The capital budget appropriates funding to the Department of Commerce for various housing programs. The largest housing program is the Housing Trust Fund program, which provides grants or loans to develop and preserve affordable housing to meet the needs of low-income and special needs populations.
The Housing Finance Commission (Commission) is a public body created in 1983 to act as a financial conduit that, without using public funds or lending the credit of the state or local government, may issue nonrecourse revenue bonds and participate in federal, state, and local housing programs. The Commission issues both tax-exempt and taxable bonds to provide below market-rate financing to nonprofit and for-profit housing developers who set aside a certain percentage of their units for low-income individuals and families. In addition, the Commission issues tax exempt bonds to provide below market-rate financing for sustainable energy projects, nonprofit facilities, and beginning farmers and ranchers.
Bond Authorizations and the Constitutional Debt Limit.
The State Finance Committee (SFC), composed of the Governor, the Lieutenant Governor, and the State Treasurer, authorizes the issuance of all bonds and other state obligations, including financing leases, that finance capital projects authorized in the capital and transportation budgets. The SFC also acts to refinance state debt when appropriate to reduce interest costs. No bonds may be authorized for sale without prior legislative appropriation of the net proceeds.
General obligation bonds pledge the full faith, credit, and taxing power of the state toward payment of debt service. When debt service payments are due, the Sstate Ttreasurer withdraws the amounts necessary to make the payments and deposits them into bond retirement accounts.
The State Constitution establishes a state debt limit. The State Treasurer may not issue bonds that would cause debt service to exceed 8.25 percent of general state revenue. The State Constitution also authorizes the issuance of debt outside of the debt limit subject to a vote of the people via referendum. Recent bond authorizations via referenda include:
Bond Authorization and Referendum.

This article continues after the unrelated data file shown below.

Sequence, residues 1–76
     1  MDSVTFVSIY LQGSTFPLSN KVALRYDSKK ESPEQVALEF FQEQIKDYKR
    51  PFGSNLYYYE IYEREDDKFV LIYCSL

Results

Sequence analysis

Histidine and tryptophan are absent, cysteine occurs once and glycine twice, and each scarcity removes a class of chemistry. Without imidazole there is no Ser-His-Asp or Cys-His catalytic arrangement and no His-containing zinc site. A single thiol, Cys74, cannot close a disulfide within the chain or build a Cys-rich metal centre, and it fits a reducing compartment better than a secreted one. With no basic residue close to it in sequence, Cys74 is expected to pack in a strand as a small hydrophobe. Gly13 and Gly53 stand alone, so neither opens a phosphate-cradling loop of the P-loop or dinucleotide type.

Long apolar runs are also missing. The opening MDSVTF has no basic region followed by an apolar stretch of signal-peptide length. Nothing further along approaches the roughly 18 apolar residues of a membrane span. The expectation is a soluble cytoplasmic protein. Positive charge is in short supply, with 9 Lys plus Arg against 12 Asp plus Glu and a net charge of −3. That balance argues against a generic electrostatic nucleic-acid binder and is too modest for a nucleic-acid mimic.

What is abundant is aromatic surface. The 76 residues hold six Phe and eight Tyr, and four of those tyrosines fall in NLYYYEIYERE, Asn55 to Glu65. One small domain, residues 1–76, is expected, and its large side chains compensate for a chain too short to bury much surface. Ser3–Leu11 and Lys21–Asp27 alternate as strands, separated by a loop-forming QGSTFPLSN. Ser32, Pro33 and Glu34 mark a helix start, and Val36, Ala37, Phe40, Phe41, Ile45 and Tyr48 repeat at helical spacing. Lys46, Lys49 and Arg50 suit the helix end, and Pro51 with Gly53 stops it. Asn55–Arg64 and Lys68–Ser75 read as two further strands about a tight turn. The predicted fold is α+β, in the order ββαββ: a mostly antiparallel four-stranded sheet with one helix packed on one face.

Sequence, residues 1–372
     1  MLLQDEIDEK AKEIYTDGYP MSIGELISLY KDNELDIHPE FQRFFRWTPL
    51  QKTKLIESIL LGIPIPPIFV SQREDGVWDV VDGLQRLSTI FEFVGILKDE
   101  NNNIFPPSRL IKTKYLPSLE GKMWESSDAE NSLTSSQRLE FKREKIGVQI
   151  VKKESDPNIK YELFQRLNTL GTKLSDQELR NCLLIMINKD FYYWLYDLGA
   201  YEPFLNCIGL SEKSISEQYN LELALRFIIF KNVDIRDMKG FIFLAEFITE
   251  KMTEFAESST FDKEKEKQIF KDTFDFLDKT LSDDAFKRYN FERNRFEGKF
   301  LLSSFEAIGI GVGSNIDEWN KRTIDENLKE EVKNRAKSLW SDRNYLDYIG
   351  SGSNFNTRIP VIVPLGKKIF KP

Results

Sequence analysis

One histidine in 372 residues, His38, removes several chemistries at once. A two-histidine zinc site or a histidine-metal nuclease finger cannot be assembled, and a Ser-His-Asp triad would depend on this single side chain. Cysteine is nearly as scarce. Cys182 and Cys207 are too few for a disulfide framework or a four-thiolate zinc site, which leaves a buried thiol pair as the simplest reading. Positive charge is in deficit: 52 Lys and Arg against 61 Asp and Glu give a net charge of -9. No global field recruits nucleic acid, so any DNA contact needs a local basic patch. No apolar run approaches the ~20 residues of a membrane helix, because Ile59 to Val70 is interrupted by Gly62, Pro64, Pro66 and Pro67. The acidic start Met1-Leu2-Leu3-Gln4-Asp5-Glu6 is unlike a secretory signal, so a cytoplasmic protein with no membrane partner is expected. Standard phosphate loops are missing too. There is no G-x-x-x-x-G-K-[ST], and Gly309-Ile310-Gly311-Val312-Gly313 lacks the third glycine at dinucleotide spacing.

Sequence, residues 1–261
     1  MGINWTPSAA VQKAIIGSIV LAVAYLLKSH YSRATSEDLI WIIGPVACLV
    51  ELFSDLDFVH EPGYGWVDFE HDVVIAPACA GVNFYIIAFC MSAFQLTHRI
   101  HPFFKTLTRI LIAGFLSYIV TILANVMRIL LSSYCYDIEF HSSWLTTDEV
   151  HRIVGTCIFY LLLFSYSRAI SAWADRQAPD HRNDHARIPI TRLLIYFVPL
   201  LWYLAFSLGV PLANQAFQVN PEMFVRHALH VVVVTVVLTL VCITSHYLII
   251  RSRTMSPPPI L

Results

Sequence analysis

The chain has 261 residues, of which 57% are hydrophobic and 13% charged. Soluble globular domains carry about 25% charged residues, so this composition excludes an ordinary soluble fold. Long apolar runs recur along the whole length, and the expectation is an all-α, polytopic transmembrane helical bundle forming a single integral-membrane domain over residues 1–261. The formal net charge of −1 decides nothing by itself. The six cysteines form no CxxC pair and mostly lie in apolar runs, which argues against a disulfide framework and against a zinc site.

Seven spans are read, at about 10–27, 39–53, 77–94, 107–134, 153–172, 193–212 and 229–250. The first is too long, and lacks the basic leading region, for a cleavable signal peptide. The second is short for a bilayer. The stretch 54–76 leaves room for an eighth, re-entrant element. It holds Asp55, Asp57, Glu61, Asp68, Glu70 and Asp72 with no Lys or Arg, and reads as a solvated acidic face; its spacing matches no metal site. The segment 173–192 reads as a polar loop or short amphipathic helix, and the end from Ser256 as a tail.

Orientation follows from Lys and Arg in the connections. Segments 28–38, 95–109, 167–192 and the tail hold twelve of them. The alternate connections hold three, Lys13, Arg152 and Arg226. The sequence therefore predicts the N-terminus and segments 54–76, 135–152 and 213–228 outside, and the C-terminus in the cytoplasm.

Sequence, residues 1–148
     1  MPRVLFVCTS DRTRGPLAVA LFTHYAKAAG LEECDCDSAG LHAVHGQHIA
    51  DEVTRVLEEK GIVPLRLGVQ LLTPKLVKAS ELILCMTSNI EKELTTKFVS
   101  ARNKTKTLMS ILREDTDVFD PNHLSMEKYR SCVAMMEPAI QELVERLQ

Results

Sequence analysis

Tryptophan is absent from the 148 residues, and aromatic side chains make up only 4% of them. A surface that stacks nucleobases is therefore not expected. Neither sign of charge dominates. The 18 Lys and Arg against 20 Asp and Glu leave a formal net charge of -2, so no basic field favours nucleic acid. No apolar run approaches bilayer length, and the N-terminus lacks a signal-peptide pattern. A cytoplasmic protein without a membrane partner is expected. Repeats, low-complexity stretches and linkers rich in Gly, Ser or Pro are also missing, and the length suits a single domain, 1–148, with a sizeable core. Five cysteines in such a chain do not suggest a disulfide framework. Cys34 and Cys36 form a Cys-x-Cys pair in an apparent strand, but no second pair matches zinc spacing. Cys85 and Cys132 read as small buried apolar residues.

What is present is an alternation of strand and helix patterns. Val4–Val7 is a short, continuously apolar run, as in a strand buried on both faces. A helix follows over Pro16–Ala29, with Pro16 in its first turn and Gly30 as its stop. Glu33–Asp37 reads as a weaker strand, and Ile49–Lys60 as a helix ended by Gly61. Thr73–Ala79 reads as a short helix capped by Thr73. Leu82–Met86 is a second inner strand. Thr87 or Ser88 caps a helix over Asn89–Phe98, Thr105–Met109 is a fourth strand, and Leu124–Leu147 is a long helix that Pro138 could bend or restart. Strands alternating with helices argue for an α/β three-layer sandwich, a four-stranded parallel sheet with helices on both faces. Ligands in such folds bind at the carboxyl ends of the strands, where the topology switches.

The SFC is authorized to issue up to $4 billion in state general obligation bonds to finance capital projects and programs that address housing insecurity. The authorization does not expire until the full amount has been issued.
Proceeds from the sale of bonds must be deposited into the newly created Washington Housing Crisis Response Account or the newly created Washington Housing Crisis Response Taxable Account. The State Treasurer is required to withdraw from general state revenues the amounts necessary to make the principal and interest payments on the bonds and must deposit these amounts into the Nondebt-Limit General Fund Bond Retirement Account.
The Secretary of State must submit the bond authorization to the people, for their adoption or rejection, at the next general election to be held in the state. The ballot title must read: "The Legislature has passed House Bill No. 1149, concerning reducing homelessness in Washington state through capital expenditures for programs that address housing insecurity. This bill would reduce homelessness by providing capital funding for selected programs and projects that address housing insecurity." If the majority of the voters approve the referendum, SFC will have the authority to issue the bonds outside of the debt limit in the State Constitution.
Workforce Housing Accelerator Program.
The Workforce Housing Accelerator Program is created to provide loans to nonprofit or for-profit developers, public housing authorities, public development authorities or other eligible applicants to finance affordable housing for low-income households. Low-income household is defined as a single person, family, or unrelated persons living together whose adjusted income is between 50 and 80 percent of the area median income.
The Commission shall not allocate more than $20 million per county per round of funding and is required to prioritize and award loans based on at least the following:
The housing financed by the program must serve low-income households for a minimum of 60 years. Except for cause, loans may not exceed $20 million or 20 percent of the total project costs of the housing development.
The loans must be structured with interest rates between one and 2.5 percent and for terms no longer than 30 years. The loan repayments may not exceed 40 percent of the project’s cash flow in the 12-month period preceding the repayment. Loan repayments may be reloaned by the Commission or deposited into the newly created housing accounts for other housing purposes. The Commission may charge monitoring fees.
Loan recipients must: